Tech Corner: What NOT To Do When Making More Power

Tech Corner - IntermediateThere are a lot of reasons enthusiasts want to make more power: increase track time, get up to speed with those bigger tires, or maybe it’s just because of an age-old thirst for more. For all the reasons that exist, there are just as many ways to do it. There are also a lot of modifications out there that are flat out mistakes and will keep you from gaining that edge. So, rather than telling you how to make more power, we’re going to point out some big blunders to avoid.

Giant Carbs

This one goes out to the old heads. It’s simple–more fuel means more power…right? Well, the size of the carburetor needs to be relevant to what the engine is calling for, which means that sometimes less is more. Yes, giant carbs have a place on high-powered applications but on basic street cars, they can be a tuning nightmare. It might sound cool to tell your buddies that you have a 1050 cfm carb sitting on a small block but having to spend hours dialing it in sure isn’t.

Used Parts

Okay, to clarify: there are used parts and then there are USED parts. If more power is the goal, then nothing beats fresh equipment. We’re not saying that all used parts are garbage, but if you plan on picking up a set of used heads, rotating parts, or an intake, it really warrants a run to the machine shop. Sometimes people get lucky, but let’s face it, it’s never us. Additionally, anything used should be resurfaced or rebuilt, unless of course it was purchased from a trustworthy source. You know, the rare kind who actually tell the truth before selling.

Breaking the law

The feverish need for more power can quickly take one over. You let it run away, and suddenly Johnny Law is on your tail. Bypassing or removing emissions equipment is a great way to make power. It’s also a great way to get into trouble if it’s on a street vehicle. If the car will spend the majority of its life on the street with little to no track time, is it worth a run in with the law over a few extra ponies?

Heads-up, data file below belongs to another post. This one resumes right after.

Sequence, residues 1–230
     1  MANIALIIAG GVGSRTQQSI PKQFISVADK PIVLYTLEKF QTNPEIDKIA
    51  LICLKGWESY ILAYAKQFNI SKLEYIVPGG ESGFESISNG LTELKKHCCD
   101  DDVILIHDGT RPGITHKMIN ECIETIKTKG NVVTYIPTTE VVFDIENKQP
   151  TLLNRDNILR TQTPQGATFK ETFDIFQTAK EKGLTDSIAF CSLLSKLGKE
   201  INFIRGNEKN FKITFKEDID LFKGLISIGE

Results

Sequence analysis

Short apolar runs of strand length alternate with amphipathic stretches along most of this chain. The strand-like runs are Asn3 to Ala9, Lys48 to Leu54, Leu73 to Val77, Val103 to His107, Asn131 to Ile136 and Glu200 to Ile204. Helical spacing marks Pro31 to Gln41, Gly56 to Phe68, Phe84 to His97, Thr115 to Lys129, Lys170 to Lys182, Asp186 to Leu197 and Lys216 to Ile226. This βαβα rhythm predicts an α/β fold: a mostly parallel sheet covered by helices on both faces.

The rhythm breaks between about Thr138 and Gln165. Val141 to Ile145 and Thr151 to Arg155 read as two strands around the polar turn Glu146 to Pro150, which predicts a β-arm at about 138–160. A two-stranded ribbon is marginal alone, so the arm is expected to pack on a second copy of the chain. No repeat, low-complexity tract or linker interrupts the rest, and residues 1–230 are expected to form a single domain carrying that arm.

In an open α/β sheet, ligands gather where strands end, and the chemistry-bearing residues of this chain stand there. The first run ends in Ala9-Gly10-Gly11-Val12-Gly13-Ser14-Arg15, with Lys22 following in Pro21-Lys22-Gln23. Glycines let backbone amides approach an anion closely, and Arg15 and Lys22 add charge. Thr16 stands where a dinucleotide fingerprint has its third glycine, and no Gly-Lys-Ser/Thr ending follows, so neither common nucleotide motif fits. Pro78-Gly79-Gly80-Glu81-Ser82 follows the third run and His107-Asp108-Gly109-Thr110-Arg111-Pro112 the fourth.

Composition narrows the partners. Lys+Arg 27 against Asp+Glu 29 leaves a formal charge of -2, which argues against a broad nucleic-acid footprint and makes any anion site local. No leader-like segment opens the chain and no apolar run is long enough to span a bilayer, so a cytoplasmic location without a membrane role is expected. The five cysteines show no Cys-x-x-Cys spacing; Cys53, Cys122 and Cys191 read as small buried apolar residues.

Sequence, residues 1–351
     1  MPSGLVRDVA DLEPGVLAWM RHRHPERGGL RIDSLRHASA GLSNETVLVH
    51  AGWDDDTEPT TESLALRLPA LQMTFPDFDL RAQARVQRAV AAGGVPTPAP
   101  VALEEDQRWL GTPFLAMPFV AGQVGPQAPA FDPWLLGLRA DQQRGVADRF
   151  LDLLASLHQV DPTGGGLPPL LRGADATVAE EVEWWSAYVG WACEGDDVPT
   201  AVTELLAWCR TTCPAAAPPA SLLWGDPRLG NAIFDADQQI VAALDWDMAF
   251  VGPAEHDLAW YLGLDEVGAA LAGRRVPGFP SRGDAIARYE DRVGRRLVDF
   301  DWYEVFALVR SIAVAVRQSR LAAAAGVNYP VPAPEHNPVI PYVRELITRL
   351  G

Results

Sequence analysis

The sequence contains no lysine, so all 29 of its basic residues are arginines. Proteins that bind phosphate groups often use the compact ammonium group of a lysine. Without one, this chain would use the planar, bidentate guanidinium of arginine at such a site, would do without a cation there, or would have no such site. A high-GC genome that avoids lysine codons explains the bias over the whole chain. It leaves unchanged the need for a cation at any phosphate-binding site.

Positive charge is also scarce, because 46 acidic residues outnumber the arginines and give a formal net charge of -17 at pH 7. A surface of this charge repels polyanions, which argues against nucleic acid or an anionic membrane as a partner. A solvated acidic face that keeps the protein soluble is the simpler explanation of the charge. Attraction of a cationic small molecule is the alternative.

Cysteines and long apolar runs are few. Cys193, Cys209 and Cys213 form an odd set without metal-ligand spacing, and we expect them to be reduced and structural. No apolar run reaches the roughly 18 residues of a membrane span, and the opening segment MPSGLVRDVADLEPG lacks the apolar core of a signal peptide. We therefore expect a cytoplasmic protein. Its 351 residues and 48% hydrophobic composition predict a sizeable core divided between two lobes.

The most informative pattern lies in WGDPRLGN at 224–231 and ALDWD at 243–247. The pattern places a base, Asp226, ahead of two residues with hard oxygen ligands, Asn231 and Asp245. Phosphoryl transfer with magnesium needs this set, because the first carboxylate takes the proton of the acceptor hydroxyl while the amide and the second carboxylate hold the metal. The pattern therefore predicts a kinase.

Making Assumptions About the Cam

The camshaft is like a brain. It tells the engine how to behave and when to make more power. Without understanding the cam and its variables, it’s useless to throw speed points at it and expect real results. Rather than working around an unknown cam, the best course of action is to usually start the mods here.

Making it Work

Sometimes during a build, the choices are to replace a part entirely or rig something up for a moment to calculate issues. Just because zip ties hold things in place doesn’t mean they’re a permanent fix. Everything on a vehicle, especially one making a lot more power, vibrates. And that means that loose connections will come apart. Broken wires and flying hoses are definitely not cool, so before hitting the road, always make sure everything is snug and secure.

Buying into Gimmicks

There are a lot of tricks and snake oils out there. A good rule of thumb is: “If it sounds too good to be true, it probably is.” Guys have been making cars and trucks go fast since there have been cars and trucks. There are recipes for just about every build that are tried and true. Throwing turbines in a factory intake is a bust and so are many other gimmicks. Sometimes, the best way to the fast lane means avoiding short cuts.

Forgetting Everything but the Engine

Yes, the engine is the heart of any go-fast build and will be spoiled with the most goodies. However, making power and going fast are two totally different things. The suspension, tires, and drivetrain all feed the need for speed. But without the proper set up, the whole rig can remain a pig. It all needs to work together. So, spending time making mods outside of the engine bay is a must.

Making More Power

Making more power can be intoxicating. It’s a way to push yourself beyond your best, beat the other guy in a race, and simply put: it’s fun. To be done properly though, it requires a certain level of attention and precision–much like the act of driving itself. Sure, you can focus on dropping the hammer and blasting through obstacles with no clear focus. But with a little research and some trial and error, you can learn how to make the right improvements with surprising accuracy.

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